Harford Springs Reserve

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Heading downhill and west, closing the loop
Harford Springs Reserve

Harford Springs Reserve

    • Location: Riverside County, near Lake Mathews, on Gavilan Road.  From the 91 Freeway in Riverside, take the La Sierra exit.  Go southeast for 3.2 miles and turn left on El Sobrante.  Go 5.8 miles and turn left on Cajalco Road.  Go 0.3 miles and turn right on Gavilan.  Go 2 miles and look for a small dirt parking lot on the left, just before Idaleona Road.  From I-215, take the Ramona Expressway exit.  Head west for 6.7 miles (Ramona becomes Cajalco Expressway and then Cajalco Road).  Turn left on Gavilan.
    • Agency: Riverside County Parks
    • Distance: 2.8 miles
    • Elevation gain: 300 feet
    • Difficulty Rating: PG
    • Suggested time:  1.5 hours
    • Best season: All year, 8am to sunset (hot during the summer)
    • USGS topo map: Steele Peak
    • Recommended gear: Personal GPS navigation unit; sun hat
    • More information: Yelp review here; trail map here; Everytrail report here
    • Rating: 5

South of Riverside and north of Perris and Lake Elsinore, near Lake Mathews, hikers can explore the little-known Harford Springs Reserve. The sizable (325 acres) park has a surprisingly remote feel, despite being just a short drive from Corona and Riverside.

There is no formal trail system here, although several trails have been “adopted” by local entities, and there are signs designating this that provide help with navigation. The basic layout of the reserve is Gavilan Road on the west side, Idaleona Road on the south side and Piedras Road (dirt, and private) on the east side. An un-named fire road cuts across the park diagonally, southwest to northeast. The route described here doesn’t have to be followed exactly. If you keep track of where you are going, and ideally use some kind of GPS navigation, you shouldn’t have too many problems. When in doubt, use the sound of traffic on Gavilan to help you out.

From the small parking area on Gavilan, head east on the main trail, past a stable. Soon, you come to a split. Head right, into a marshy area. (This trail is signed as being “adopted” by Henderson Stables.) You cross a small footbridge and stay right again at another junction, heading uphill.

You pass by lots of rock piles that can be fun to explore, and countless juniper trees. On your right, if the weather is clear, you can get nice views of the Santa Anas. Soon you join a trail signed “RAGLM”, which gives way to “Riverside Junior Equestrians.” Take a sharp left, cross another trail and soon you arrive at the fire road. Head left (right brings you south to Idaleona) and soon, you’ll take a right on a single-track signed “Rising Star Pony Club.” This leads you through a pleasantly wooded area that may remind some of the nearby Santa Rosa Plateau Ecological Reserve. Your next trail is “Allstar Ranch Arabian Horses”, which brings you to Piedras Road.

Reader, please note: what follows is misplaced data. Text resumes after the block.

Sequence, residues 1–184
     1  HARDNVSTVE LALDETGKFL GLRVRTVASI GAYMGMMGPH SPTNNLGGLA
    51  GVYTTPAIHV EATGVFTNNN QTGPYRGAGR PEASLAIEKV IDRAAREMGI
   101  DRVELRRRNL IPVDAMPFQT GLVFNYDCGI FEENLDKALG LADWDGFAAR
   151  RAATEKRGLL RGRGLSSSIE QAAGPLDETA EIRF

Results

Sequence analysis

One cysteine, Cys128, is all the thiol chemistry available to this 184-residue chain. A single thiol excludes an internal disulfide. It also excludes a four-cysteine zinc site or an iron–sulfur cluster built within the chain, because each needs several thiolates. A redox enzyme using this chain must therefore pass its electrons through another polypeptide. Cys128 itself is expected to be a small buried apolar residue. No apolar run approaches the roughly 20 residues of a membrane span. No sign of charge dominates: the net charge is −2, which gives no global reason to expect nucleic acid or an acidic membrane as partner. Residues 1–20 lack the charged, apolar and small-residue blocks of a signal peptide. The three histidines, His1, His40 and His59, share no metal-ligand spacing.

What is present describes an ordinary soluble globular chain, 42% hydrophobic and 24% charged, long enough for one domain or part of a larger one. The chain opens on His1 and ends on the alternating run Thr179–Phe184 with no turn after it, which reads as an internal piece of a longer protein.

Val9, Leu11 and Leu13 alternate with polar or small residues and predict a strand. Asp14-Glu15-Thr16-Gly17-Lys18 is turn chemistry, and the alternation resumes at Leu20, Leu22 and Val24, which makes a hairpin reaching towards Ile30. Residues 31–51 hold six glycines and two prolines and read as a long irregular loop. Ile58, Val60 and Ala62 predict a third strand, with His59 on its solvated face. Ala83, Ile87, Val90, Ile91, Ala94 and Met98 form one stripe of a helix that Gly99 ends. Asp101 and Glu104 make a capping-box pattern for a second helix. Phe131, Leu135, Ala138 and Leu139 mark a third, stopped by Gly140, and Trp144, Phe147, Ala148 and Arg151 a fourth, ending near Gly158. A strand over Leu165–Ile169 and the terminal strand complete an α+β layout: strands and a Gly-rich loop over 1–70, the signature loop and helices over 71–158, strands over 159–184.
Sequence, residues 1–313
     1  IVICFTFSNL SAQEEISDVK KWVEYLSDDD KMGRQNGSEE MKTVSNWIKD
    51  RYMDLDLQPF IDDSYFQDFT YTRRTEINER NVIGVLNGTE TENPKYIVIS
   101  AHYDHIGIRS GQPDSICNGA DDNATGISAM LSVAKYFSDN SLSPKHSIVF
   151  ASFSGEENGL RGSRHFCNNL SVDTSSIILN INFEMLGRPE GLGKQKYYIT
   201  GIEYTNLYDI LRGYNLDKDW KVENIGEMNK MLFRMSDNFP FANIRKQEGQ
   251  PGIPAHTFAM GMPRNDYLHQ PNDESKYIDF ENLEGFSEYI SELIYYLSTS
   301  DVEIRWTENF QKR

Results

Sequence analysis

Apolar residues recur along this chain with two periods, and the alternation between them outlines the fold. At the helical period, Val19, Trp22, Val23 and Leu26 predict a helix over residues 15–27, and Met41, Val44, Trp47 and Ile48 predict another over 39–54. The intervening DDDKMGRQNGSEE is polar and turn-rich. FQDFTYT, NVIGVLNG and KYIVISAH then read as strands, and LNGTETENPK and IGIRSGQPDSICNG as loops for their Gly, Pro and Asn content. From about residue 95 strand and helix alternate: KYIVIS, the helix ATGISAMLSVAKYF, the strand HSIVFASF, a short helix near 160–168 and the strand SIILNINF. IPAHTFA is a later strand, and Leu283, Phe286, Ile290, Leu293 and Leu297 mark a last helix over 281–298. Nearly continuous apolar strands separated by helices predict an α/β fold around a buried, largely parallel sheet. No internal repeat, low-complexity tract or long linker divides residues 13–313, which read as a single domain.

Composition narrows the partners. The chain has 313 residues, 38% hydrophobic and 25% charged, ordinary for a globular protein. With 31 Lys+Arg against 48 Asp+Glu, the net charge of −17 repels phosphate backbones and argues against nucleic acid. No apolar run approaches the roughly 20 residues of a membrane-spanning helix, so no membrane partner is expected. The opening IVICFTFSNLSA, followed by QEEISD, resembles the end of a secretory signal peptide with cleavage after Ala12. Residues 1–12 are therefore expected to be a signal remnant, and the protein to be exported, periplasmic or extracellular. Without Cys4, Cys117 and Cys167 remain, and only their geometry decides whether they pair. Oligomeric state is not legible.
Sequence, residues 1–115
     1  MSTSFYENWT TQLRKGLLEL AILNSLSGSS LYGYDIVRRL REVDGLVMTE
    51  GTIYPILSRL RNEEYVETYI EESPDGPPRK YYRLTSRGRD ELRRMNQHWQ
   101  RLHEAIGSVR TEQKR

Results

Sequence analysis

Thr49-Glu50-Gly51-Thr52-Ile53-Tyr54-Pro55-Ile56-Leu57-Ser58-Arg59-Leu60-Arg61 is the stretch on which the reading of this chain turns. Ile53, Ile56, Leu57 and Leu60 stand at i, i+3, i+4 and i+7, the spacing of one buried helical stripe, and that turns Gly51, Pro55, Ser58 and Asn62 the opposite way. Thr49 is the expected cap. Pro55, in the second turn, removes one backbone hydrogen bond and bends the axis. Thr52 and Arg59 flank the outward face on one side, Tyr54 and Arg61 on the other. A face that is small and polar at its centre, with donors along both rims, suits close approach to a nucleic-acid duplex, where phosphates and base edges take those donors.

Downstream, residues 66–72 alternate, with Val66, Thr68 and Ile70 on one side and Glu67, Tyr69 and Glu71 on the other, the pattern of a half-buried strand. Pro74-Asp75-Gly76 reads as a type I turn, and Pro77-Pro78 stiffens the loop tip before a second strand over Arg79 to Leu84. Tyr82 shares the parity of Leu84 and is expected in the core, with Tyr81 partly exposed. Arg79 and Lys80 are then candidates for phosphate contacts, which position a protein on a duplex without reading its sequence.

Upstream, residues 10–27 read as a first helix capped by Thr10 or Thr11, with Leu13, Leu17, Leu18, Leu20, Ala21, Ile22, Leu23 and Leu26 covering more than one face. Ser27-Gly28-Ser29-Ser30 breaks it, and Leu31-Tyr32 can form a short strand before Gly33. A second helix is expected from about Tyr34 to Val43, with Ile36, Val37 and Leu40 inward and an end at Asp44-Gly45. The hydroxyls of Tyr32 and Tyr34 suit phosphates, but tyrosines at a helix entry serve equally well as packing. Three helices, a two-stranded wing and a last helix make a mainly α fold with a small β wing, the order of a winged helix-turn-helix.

Just before you get to the road, head left on another parallel trail, which ends up curving back toward the west. You make a short climb and descent, staying right as a vague trail branches off to the left. Heading north, you make another climb and then meet up with the fire road. Here, you’ll turn right and almost immediately take a left on a well-defined single track. Stay left at the next two junctions, and right at the two after that. On the way, you’ll pass by a cholla cactus bush, some interesting rock formations, and what appear to be some stone ruins.

Eventually, you’ll make your way back into the marshy area of the western end of the park, and you meet up with the original trail. Head right and return to the parking lot.

Remember, it doesn’t have to be followed exactly. If you’re concerned about navigation, stick to the fire roads, leave trail-ducks, do an out-and-back route instead of the loop, or use GPS. Despite the minimal signage (and some litter and broken glass), Harford Springs is a unique and enjoyable place to hike in an area not known for much outdoor activity. It’s well worth a visit if you’re in the area.

Text and photography copyright 2011 by David W. Lockeretz, all rights reserved. Information and opinions provided are kept current to the best of the author’s ability. All readers hike at their own risk, and should be aware of the possible dangers of hiking, walking and other outdoor activities.  By reading this, you agree not to hold the author or publisher of the content on this web site responsible for any injuries or inconveniences that may result from hiking on this trail.  Check the informational links provided for up to date trail condition information.


  1. I love our community park . Although the drought has dried up many of the natural springs, as well as development surrounding the area, you can still find a year round spring with a small waterfall.. with a rock carving that is from the mining years nearby. Also rocks bare evidence of the First Nations people presence. Can you find areas where evidence shows rocks being used for grinding chia and other seeds and herbs.? Hint …near the backside of the waterfall…
    I worked there for 13 years… kept it clean and beautiful… always removing graffiti. The signage in the park now are people advertising they care for certain trails and maintain them. Most need work!
    Still my favorite…. we ride our horses and our 4 dogs love to explore…

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